The Ethics and Laws of Medical Big Data

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The COVID-19 pandemic has highlighted that leveraging medical big data can help to better predict and control outbreaks from the outset. However, there are still challenges to overcome in the 21st century to efficiently use medical big data, promote innovation and public health activities and, at the same time, adequately protect individuals’ privacy. The metaphor that property is a “bundle of sticks”, each representing a different right, applies equally to medical big data. Understanding medical big data in this way raises a number of questions, including: Who has the right to make money off its buying and selling, or is it inalienable? When does medical big data become sufficiently stripped of identifiers that the rights of an individual concerning the data disappear? How have different regimes such as the General Data Protection Regulation in Europe and the Health Insurance Portability and Accountability Act in the US answered these questions differently? In this chapter, we will discuss three topics: (1) privacy and data sharing, (2) informed consent, and (3) ownership. We will identify and examine ethical and legal challenges and make suggestions on how to address them. In our discussion of each of the topics, we will also give examples related to the use of medical big data during the COVID-19 pandemic, though the issues we raise extend far beyond it.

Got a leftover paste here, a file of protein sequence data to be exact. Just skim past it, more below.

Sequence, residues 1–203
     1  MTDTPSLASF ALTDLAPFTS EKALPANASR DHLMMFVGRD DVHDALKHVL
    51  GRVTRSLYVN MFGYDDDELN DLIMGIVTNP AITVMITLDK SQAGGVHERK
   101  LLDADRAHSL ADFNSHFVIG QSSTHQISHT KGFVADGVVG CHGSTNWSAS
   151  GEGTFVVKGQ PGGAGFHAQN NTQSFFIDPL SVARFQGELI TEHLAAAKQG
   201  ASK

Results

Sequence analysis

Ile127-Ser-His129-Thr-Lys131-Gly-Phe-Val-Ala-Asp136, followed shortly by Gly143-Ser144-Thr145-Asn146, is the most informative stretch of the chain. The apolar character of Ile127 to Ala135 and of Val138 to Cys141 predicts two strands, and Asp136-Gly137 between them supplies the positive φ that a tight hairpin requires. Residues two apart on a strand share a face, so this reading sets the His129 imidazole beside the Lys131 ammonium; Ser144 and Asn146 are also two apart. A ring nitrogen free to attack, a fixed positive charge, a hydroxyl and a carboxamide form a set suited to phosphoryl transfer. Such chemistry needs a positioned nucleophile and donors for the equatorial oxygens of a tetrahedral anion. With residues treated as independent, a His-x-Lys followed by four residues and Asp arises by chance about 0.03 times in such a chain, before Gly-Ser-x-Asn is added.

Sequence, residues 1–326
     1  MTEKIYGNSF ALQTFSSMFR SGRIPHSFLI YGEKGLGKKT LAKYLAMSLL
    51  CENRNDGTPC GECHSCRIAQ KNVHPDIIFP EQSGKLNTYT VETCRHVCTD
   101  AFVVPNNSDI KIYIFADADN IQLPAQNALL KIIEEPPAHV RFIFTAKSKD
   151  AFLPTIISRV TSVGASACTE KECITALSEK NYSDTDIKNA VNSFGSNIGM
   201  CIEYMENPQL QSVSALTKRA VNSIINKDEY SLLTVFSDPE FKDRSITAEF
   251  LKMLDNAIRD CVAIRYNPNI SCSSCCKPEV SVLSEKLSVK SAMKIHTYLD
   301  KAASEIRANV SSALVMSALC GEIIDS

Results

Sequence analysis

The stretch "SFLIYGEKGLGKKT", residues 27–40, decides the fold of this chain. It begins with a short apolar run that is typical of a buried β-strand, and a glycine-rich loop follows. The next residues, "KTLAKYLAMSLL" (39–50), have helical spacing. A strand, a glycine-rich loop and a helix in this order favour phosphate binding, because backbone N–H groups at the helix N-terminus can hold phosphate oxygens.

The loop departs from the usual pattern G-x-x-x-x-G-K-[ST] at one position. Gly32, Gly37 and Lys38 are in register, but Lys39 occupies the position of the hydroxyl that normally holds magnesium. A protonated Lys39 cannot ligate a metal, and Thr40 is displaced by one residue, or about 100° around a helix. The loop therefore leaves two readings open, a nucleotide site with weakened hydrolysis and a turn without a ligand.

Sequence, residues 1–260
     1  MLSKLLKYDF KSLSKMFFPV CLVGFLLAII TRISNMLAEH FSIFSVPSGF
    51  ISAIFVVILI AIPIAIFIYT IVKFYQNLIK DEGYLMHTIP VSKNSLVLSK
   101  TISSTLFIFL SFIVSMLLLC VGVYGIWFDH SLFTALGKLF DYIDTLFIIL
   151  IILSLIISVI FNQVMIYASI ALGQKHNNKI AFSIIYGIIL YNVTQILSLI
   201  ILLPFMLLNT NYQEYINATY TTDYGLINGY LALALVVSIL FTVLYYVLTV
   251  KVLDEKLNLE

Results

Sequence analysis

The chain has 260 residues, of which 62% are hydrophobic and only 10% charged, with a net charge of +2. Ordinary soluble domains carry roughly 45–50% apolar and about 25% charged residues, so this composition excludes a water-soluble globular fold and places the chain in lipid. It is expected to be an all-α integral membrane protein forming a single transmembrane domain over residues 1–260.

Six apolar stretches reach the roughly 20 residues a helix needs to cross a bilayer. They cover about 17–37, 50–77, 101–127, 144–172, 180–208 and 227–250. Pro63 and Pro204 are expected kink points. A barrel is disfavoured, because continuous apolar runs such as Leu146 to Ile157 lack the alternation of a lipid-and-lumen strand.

Original languageEnglish
Title of host publicationThe Cambridge Handbook of Information Technology, Life Sciences and Human Rights
EditorsMarcello Ienca, Oreste Pollicino, Laura Liguori, Elisa Stefanini, Roberto Andorno
PublisherCambridge University Press
Publication date2022
ISBN (Print)9781108477833
ISBN (Electronic)9781108775038
Publication statusPublished - 2022

    Research areas

  • Faculty of Law - Big data, Ethics, Ownership, COVID-19, Data Sharing, informed consent, EU Law, US Law

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